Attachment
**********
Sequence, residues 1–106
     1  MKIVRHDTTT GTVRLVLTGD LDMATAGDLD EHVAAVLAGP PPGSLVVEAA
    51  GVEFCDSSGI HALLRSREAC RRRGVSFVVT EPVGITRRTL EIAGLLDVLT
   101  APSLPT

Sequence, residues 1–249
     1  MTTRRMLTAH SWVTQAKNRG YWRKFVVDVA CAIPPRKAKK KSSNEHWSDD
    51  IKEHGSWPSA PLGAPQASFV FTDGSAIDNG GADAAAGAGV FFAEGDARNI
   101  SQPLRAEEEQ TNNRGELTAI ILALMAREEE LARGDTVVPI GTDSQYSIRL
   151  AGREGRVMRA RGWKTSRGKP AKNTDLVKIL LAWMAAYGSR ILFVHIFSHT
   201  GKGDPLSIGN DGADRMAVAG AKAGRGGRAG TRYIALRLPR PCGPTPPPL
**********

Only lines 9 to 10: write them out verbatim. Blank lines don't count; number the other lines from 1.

   151  AGREGRVMRA RGWKTSRGKP AKNTDLVKIL LAWMAAYGSR ILFVHIFSHT
   201  GKGDPLSIGN DGADRMAVAG AKAGRGGRAG TRYIALRLPR PCGPTPPPL